Confederate Industry: Manufacturers and Quartermasters in the Civil War

By Harold S. Wilson | Go to book overview

4
Factories under Siege

Confederate military authorities were more successful in controlling factories than in succoring them. The Confederate system of controls through impressment, details, profit limitations, supply of raw materials, and management of railroads and blockade-running created challenging operating conditions for manufacturers. Bereft of parts and machinery and threatened by marauding armies, manufacturers were often imperiled by a hostile local press that offered considerable sympathy for economic independence but decried rising prices as pure extortion.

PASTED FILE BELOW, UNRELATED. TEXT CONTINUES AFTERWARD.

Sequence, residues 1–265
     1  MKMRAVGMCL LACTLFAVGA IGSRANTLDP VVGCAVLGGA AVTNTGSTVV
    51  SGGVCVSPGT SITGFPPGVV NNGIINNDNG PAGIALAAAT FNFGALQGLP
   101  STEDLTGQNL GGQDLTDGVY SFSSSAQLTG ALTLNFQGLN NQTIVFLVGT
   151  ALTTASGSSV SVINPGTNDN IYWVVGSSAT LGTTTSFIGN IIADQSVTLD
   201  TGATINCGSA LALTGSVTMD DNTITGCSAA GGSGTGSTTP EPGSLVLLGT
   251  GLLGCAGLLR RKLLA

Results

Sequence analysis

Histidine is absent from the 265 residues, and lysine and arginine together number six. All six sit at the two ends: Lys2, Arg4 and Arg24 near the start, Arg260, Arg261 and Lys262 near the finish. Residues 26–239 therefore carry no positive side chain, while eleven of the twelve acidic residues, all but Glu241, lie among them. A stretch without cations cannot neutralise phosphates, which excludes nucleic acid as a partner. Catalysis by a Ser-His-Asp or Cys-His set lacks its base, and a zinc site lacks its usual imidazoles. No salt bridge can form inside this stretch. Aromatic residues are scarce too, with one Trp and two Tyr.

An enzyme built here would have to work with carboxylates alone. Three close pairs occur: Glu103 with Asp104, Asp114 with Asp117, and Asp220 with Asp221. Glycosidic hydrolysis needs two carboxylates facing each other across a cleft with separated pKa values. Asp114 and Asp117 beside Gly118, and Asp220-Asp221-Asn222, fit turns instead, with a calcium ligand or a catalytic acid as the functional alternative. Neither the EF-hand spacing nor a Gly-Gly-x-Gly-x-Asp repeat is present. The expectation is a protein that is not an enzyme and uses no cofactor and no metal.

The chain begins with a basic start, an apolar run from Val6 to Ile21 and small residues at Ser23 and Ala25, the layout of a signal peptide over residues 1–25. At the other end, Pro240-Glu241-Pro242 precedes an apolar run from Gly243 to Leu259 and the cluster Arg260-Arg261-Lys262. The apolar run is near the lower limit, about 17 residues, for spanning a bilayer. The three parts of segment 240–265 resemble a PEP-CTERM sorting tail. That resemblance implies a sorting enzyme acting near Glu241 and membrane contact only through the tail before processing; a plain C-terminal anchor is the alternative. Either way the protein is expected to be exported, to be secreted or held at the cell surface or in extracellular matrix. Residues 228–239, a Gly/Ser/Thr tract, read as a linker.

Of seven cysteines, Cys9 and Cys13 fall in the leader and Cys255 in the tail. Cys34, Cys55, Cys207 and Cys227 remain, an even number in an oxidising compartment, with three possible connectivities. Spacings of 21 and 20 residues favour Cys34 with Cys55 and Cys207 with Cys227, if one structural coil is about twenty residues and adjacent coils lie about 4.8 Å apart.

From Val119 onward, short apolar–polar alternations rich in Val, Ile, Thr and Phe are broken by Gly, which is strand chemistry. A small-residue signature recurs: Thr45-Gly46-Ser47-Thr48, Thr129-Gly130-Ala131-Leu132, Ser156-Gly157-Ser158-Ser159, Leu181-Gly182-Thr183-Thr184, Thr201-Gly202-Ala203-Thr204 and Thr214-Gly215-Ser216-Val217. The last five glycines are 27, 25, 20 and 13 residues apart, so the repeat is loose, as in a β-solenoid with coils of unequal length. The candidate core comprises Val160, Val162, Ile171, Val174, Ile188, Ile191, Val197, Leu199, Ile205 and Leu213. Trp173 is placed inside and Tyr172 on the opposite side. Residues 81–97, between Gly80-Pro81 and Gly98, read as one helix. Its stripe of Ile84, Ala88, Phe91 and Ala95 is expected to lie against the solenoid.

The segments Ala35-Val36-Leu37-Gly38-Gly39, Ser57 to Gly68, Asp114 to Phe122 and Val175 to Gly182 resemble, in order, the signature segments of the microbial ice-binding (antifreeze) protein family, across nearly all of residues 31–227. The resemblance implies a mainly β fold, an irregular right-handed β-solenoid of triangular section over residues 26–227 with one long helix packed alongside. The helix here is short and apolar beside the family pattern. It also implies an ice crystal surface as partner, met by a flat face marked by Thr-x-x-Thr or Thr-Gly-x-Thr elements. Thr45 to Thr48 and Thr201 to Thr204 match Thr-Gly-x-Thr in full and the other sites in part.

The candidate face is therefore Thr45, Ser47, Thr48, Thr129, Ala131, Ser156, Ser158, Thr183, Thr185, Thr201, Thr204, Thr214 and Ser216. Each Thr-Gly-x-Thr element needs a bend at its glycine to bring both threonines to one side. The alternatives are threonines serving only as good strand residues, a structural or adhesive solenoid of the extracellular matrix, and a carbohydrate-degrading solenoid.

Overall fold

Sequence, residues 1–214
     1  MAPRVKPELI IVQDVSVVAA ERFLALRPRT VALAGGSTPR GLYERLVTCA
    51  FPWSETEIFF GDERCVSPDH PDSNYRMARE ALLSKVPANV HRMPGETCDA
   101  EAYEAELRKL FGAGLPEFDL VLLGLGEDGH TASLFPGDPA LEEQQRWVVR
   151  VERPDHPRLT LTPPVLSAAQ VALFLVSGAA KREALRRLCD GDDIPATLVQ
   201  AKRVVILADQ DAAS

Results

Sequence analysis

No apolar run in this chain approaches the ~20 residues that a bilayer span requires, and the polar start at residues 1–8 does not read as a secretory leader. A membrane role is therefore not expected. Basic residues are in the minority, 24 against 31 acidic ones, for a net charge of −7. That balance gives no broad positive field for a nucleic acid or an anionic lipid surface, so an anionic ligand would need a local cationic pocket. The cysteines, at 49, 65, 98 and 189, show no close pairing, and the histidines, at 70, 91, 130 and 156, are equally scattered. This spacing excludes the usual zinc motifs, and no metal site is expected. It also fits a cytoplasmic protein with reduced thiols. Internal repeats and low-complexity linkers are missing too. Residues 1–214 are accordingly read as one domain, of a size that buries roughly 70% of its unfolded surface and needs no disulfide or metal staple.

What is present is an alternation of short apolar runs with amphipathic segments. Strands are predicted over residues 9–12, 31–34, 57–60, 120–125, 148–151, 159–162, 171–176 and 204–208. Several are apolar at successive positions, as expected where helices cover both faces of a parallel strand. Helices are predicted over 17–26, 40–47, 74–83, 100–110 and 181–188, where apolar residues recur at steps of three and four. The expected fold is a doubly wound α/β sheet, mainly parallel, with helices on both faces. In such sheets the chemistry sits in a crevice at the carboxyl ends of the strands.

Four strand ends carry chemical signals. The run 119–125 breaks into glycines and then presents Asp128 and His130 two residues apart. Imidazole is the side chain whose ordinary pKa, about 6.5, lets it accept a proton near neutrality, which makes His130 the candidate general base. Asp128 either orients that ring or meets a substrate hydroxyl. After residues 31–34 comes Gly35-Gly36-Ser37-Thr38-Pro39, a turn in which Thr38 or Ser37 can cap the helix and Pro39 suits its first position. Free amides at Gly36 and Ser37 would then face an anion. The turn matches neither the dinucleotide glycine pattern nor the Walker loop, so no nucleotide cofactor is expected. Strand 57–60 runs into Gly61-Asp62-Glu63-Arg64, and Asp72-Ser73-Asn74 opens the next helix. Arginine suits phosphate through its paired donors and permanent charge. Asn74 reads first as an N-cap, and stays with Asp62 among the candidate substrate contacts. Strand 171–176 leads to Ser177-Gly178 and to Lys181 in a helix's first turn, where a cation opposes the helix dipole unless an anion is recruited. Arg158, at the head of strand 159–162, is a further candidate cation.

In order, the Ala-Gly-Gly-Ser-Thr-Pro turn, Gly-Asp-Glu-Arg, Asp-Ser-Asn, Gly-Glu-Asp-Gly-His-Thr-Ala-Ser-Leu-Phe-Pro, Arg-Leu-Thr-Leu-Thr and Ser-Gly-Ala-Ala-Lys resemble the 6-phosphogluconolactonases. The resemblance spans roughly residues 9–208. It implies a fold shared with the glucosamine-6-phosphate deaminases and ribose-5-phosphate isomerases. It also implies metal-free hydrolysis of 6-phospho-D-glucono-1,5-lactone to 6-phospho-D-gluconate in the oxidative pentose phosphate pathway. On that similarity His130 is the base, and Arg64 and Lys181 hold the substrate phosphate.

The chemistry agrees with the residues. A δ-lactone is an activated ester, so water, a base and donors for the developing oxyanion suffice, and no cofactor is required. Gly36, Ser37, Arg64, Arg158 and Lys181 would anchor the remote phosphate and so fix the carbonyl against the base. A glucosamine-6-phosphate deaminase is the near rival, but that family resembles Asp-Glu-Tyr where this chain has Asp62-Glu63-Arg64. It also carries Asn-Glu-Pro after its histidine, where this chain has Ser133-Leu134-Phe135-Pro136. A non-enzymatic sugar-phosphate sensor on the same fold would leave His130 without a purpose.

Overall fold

The problems of factory operation were numerous, and one of them was Confederate policy. In an early address to the Manufacturing Association of the Confederate States, William Gregg explained that "if the war continues, it will be absolutely essential that machinery, and tools to make it, shall in large quantities be imported." He invited an assembly at Augusta to bring "an influence to bear on our Government that would be irresistible in obtaining permission to take out cotton and bring in supplies—and if necessary, steamships might be purchased for the purpose."1 An essay in the Charleston Mercury on June 5, 1863, inspired if not written by Gregg, challenged that "if this war is to continue, then we will need new factories." The writer charged that Confederate government policies hindered the drive for economic independence, for "to import machinery now costs from twelve to fifteen prices, and we feel quite well assured that no large establishment in our country has earned money enough in two years past to pay for the importation of machinery that would add twenty percent to their production, and they will remain as they are, to the great detriment of the country" (Charleston Mercury, June 5, 1863). In North Carolina, Francis Fries mused that "this country will

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